Results indicate a strong positive relationship between violence serious enough to require hospital admission and deprivation. Moreover, this relationship is already apparent in those under 15 years old.
Admissions to hospital have increased in the past 4 years suggesting levels of serious violence are increasing. However, data modelling suggests presentations to A&E may be falling, consistent with reductions in numbers of less severe violent acts.
Approaches to tackling violence aimed at adults who have already developed violent tendencies are unlikely to be effective at reducing serious violence in the long term and a much stronger focus on early life prevention initiatives is required, especially in disadvantaged communities.
With violence a major factor in deprived areas, efforts to increase exercise and reduce alcohol and drug use are likely to be of only limited success. Consequently, policy aimed at tackling health inequalities must also address the need for safer communities and family environments.
Experience of violence is already disproportionately high in poorer communities by the age of 14. Interventions are urgently required to ensure childhood exposure to violence is minimised. Such interventions will not only reduce health and social problems in young people but also contribute to better adult health through reduced risk of suicide, cancer and coronary heart disease.
In order to ensure localities have the best possible data available to tackle violence, clear guidance on the exchange of data, especially between health and judicial agencies, is required at individual and aggregate data levels.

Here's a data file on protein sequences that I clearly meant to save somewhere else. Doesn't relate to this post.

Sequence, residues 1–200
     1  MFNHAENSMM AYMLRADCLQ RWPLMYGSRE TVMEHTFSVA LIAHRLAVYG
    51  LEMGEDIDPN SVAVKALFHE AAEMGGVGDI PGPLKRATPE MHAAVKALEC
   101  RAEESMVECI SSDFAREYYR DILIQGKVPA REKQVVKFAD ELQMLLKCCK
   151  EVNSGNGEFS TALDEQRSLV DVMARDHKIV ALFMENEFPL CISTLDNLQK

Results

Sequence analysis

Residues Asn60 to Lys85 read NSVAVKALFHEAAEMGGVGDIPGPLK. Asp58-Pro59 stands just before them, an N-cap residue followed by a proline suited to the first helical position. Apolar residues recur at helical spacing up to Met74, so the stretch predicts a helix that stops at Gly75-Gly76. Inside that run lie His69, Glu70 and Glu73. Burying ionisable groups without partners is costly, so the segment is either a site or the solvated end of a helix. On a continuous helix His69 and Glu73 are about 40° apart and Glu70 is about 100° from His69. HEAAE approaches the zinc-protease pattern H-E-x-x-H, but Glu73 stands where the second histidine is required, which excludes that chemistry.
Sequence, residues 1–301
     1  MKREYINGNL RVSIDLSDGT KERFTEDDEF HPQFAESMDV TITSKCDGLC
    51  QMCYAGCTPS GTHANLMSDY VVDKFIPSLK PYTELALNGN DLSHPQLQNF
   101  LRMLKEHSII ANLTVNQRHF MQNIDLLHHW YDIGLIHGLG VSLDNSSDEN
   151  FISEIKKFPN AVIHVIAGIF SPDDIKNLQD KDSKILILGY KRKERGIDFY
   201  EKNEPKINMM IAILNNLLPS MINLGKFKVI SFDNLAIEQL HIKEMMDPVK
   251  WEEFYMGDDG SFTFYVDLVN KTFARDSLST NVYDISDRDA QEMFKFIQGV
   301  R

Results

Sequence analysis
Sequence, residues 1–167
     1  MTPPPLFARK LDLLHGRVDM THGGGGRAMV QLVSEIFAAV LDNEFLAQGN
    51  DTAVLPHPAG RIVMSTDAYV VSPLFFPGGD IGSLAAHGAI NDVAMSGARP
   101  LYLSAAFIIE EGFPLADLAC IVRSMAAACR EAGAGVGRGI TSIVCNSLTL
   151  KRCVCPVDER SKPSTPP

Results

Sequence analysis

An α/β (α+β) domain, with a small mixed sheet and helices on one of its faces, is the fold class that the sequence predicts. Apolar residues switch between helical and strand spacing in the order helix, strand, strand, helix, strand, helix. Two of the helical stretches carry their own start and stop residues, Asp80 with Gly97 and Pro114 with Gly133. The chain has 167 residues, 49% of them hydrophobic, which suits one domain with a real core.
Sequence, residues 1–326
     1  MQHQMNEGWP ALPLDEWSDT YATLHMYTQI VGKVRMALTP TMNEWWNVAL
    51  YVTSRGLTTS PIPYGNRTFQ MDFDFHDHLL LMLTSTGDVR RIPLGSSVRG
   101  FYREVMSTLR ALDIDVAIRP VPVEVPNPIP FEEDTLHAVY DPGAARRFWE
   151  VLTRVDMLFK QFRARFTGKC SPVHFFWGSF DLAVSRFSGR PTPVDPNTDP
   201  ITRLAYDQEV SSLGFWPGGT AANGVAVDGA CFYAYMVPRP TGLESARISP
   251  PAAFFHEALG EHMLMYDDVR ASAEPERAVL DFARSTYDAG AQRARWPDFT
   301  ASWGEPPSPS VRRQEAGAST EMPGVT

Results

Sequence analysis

Multi-agency data should be central in the development of local strategies to prevent violence and, along with punitive measures, such strategies must include primary prevention and support for victims, and should address all life stages from conception onwards.
We are grateful to Sacha Wyke for support accessing and organising the datasets utilised in this analysis. Comments on this manuscript by Michela Morleo and Dan Hungerford helped improve upon earlier versions. Finally, we would also like to thank the Trauma and Injury Intelligence Group for utilisation of their Accident and Emergency (A&E) data and the staff at Arrowe Park A&E for their continued efforts in collecting and sharing such intelligence.
Competing interests: None.
Contributors: MAB designed the study, analysed and interpreted the data, and wrote the manuscript. KH conducted background literature reviews and edited the paper. ZA and SH assisted with literature reviews and edited the paper. KT extracted the data, assisted with data analyses and edited the paper.